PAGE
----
Hispanic Heritage Month is an important opportunity to highlight the contributions of LGBTQ Hispanic and Latinx* individuals to Hispanic and Latinx culture. Too often, our curriculum and media position racial and sexual identities as either/ors. This contradicts the lives of our LGBTQ students of color. The erasure of LGBTQ Hispanic and Latinx individuals was made apparent during this year’s Pride Month when several white gay men bemoaned the inclusion of brown and black stripes to the rainbow flag in Philadelphia. Reactions to a flag designed to represent the racial diversity within the LGBTQ community exposed the erasure practiced within the community.
Educators have a platform to counter this erasure in their curriculum where the lack of visibility for LGBTQ Hispanic and Latinx individuals has been a longstanding issue.
History teachers, for example, have an opportunity to shed light on pivotal LGBTQ Hispanic and Latinx figures like Sylvia Rivera, whose activism included the founding of the Gay Liberation Front and the Gay Activist Alliance. A true history of civil rights isn't complete without Rivera's contributions. Similarly, comprehensive histories of Hispanic and Latinx communities must include the LGBTQ individuals within those communities. Laura M. Esquivel, who worked alongside civil rights icons Cesar Chavez and Dolores Huerta, was vital in pushing for activism that honored both her racial and sexual identities. The organization Gay Lesbian Student Education Network (GLSEN) has put together a list of “unsung heroes” who are Latinx and LGBTQ.
Teachers who focus on LGBTQ history, do you incorporate the voices of Hispanic figures?
The history of Stonewall, for example, is fragmented if it does not include the crucial role LGBTQ Hispanic and Latinx communities played. Teaching about these unsung heroes and this unsung history provides context that can help us reverse contemporary erasure of Hispanic and Latinx members of the LGBTQ community.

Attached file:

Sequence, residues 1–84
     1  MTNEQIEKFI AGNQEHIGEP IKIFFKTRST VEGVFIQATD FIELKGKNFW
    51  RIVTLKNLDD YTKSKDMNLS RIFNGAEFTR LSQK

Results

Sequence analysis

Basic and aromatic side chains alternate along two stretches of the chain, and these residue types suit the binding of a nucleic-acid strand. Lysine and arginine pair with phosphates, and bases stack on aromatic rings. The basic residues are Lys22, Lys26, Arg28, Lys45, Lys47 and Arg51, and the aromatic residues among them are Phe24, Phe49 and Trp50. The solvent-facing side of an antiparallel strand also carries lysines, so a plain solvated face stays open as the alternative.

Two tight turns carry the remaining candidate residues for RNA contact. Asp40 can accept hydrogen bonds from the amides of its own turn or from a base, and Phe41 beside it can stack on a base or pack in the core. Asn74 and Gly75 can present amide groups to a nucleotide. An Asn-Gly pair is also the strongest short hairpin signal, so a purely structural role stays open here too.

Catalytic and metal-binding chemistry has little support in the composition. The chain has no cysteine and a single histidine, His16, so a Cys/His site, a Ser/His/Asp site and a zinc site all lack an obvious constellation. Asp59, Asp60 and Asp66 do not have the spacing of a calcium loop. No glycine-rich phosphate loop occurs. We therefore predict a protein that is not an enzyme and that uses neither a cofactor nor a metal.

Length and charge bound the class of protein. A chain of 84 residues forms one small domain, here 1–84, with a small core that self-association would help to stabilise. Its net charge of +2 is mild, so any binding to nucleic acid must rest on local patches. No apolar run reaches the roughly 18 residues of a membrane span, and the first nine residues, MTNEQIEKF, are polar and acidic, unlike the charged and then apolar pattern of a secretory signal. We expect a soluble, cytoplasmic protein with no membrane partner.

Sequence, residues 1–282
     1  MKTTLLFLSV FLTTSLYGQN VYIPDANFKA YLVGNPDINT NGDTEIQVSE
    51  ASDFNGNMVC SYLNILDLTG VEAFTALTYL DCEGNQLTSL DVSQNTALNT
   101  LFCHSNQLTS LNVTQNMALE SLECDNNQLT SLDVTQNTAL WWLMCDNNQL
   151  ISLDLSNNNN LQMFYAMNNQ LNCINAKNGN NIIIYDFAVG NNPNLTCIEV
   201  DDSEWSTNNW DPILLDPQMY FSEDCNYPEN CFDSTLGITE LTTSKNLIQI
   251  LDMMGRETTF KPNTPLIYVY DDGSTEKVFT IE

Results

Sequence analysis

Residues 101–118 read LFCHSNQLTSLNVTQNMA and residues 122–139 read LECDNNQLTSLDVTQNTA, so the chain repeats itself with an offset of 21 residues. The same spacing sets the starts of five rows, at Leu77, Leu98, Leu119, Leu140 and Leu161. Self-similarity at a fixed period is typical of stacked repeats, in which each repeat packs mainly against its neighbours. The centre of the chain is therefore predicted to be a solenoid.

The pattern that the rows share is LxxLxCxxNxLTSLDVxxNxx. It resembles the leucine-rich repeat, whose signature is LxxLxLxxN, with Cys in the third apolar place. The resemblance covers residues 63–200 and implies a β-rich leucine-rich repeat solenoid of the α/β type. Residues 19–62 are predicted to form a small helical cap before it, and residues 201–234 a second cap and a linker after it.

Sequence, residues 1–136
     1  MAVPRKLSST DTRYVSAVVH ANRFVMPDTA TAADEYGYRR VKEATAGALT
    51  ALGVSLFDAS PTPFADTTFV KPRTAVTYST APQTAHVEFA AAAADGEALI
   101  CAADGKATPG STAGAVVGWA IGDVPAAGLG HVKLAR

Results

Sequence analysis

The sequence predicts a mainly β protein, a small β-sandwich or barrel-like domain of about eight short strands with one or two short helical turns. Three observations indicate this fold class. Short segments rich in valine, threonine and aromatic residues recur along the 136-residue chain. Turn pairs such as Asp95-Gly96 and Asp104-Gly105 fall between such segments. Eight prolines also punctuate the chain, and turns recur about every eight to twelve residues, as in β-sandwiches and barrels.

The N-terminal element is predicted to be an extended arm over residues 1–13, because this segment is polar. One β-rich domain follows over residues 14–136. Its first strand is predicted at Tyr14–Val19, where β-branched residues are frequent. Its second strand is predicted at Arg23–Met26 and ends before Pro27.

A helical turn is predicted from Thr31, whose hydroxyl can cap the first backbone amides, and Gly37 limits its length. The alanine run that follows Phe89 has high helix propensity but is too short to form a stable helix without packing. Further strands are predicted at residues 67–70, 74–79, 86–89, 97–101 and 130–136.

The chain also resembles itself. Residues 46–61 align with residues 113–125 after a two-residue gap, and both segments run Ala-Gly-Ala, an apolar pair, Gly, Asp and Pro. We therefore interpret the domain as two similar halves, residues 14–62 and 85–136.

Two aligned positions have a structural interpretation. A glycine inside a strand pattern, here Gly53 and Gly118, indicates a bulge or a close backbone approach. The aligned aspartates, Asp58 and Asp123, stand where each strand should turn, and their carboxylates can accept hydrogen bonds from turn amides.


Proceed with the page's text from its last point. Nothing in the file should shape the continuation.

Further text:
One example of this contemporary erasuer is the story of the 2016 tragedy at Orlando’s Pulse nightclub. The complete story cannot exclude the fact that the attack was on LGBTQ Hispanic and Latinx communities. Unfortunately, much of the media reporting following the tragedy erased the racial and ethnic identities of the survivors and victims. A 2017 study by psychologists Johanna Ramirez, Kirsten Gonzalez and M. Paz Galupo published in the influential Journal of Homosexuality found that many LGBTQ Hispanic and Latinx individuals felt the full breadth of their identities were negated in the coverage following the Pulse massacre. As the authors summarize, participants felt “isolated and invisible in their own personal crises.” Educators can honor the reality of the victims' and survivors' identities by explicityly naming them when discussing the act of violence at Pulse.
Another contemporary issue that highlights the need for intersectional teaching is how the Trump administration's decision to rescind the Obama-era Deferred Action for Childhood Arrivals (DACA) program impacts LGBTQ Hispanic and Latinx undocumented citizens. As policy consultant and activist Catalina Velasquez points out, DACA impacts immigration, health care and LGBTQ rights. Ignoring or de-centering the sexuality of DACA recipients denies the reality of their experiences.